Leite et al. [21], in Brazil, determined the clinical and pathologic findings of 30 patients with HS and compared them with 32 patients with HS and calcified cysticercotic lesions (CCL) from an epilepsy surgery program. Preoperative data localized the focus to the anterior temporal region and patients were referred for a standardized en-bloc resection including 2 to 3 cm of the hippocampus. In three patients, a CCL ipsilateral to the atrophic hippocampus was located within the margins of resection and removed. The mean follow-up was 29.7 months. The percentage of patients with very good seizure control was similar in both groups. 81.2% patients in the HS + CCL group and 76.6% in the HS group had seizure-free outcome (p = 0.90]. No differences were found between the 2 groups in regards to age at seizure onset, hippocampal cell densities, or fascia dentata neo-Timm’s staining patterns. Accordingly, their findings indicate that there is no need for removal of CCL in order to achieve good postsurgical seizure control in this set of patients.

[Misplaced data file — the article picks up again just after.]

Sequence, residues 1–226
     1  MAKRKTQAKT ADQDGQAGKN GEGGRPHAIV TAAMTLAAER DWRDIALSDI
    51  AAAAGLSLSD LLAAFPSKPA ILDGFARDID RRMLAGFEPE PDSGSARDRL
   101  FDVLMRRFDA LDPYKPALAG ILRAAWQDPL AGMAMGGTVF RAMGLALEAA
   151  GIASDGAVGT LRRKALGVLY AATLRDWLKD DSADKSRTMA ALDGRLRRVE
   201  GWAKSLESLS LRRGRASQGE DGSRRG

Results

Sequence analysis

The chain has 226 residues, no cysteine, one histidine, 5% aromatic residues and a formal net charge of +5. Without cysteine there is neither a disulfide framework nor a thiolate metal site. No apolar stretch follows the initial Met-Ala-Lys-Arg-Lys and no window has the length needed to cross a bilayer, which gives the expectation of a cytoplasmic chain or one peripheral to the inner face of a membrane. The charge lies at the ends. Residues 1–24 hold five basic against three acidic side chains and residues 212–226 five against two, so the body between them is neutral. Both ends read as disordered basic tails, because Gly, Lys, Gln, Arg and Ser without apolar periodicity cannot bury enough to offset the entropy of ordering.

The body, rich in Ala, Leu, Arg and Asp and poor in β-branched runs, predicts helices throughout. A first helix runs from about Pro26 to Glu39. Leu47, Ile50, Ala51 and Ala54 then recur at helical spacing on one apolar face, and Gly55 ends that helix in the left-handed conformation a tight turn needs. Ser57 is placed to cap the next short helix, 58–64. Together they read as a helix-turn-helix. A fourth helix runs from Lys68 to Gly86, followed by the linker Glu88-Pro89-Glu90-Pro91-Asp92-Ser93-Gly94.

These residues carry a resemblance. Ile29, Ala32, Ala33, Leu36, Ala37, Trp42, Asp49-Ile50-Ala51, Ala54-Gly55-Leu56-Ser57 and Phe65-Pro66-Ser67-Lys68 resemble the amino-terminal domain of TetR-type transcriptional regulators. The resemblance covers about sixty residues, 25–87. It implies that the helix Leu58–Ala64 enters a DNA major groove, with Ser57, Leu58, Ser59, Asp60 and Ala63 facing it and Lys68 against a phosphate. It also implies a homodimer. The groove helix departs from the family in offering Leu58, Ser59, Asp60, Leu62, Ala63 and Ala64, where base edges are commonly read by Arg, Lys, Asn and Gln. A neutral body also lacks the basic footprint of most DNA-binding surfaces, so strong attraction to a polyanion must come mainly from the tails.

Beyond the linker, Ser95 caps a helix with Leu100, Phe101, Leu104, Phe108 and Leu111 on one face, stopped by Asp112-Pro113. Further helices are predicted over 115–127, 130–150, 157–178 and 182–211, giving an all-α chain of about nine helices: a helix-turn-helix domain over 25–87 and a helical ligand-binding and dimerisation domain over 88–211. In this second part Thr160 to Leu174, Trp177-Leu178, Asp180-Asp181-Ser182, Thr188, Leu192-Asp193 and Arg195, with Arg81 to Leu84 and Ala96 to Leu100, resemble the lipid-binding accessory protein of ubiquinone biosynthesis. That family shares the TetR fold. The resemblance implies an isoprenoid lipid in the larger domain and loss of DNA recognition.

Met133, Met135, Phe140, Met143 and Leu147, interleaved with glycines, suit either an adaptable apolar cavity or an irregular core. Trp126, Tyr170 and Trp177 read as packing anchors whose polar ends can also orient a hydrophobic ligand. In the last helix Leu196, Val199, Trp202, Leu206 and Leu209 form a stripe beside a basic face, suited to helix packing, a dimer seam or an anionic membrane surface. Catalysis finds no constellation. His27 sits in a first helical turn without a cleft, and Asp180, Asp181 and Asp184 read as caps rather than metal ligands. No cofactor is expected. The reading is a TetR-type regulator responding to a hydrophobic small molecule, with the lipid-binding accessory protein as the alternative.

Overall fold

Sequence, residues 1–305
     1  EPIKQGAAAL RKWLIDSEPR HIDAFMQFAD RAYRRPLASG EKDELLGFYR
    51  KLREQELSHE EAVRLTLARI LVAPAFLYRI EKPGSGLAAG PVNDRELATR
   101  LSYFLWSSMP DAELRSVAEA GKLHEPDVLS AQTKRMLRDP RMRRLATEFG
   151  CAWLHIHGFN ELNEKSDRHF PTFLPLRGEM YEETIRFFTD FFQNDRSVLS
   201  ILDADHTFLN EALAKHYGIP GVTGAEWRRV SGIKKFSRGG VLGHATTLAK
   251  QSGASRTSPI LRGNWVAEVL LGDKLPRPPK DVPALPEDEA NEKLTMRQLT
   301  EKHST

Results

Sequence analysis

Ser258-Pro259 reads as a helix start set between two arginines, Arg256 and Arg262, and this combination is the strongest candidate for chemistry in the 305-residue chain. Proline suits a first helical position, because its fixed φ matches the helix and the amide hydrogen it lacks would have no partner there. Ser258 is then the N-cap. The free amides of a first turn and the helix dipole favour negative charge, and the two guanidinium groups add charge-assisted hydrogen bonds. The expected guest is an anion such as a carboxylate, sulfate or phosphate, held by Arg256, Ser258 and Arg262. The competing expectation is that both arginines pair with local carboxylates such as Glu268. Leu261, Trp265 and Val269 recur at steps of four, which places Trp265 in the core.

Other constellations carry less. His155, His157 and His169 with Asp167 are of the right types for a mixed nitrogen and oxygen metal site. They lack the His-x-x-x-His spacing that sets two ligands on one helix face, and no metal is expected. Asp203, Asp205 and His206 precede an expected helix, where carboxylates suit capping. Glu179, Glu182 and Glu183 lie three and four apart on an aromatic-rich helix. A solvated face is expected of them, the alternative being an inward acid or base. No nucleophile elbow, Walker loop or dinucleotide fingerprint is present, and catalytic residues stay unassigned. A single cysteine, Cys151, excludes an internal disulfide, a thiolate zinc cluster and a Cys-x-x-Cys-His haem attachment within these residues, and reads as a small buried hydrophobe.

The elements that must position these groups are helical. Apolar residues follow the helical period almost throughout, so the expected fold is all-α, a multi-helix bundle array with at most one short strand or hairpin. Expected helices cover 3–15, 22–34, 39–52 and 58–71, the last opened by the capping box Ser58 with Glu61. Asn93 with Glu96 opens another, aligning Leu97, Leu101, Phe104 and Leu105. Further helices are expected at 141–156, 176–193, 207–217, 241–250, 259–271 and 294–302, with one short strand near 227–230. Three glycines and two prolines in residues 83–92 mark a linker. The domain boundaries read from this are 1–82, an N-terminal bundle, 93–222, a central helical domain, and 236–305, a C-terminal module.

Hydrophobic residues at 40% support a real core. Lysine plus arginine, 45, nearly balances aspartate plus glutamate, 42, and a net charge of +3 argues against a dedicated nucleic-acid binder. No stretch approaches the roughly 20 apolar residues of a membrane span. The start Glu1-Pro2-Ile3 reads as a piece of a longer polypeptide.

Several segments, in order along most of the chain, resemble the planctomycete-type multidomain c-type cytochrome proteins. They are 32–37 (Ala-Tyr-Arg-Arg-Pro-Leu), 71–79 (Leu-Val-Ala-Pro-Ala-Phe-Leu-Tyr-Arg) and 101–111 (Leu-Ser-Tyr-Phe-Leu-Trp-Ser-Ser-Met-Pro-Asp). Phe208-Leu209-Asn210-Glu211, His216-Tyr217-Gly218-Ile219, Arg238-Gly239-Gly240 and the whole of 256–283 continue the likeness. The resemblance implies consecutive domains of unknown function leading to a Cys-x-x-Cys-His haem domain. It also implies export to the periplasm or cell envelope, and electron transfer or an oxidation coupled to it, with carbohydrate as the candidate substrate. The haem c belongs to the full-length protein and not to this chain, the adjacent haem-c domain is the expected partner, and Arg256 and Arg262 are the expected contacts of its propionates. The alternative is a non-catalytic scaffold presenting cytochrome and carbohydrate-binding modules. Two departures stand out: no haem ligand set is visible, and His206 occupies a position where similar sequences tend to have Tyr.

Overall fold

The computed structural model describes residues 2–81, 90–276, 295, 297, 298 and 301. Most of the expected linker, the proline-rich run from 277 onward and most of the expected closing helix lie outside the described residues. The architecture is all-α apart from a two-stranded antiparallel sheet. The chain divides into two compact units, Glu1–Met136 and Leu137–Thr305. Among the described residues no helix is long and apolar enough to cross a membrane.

Chandra et al. [22], in India, presented a series of 28 DRE cases resulting from post-infectious etiologies requiring surgery. All patients underwent a complete epilepsy presurgical evaluation. The criteria used to define infection-related DRE included absence of other potential etiologies preceding the infection as a cause of epilepsy. This was determined by reviewing the clinical history and MRI/CT scans performed at the time of onset of initial infection (the authors did not report if this initial MRI scan was with a special epilepsy protocol). The mean duration of epilepsy prior to surgery was 8.2 ± 2.1 years. Patients were followed after surgery for an average of 14.2 months. The pathologies included NCC in six cases. Four of the five cases with NCC in the temporal lobe, had HS. Histology of one of these cases showed evidence of early HS (not detected earlier on MRI, but with significant spike activity in electrocorticography). Free-seizure outcome was seen in all six cases.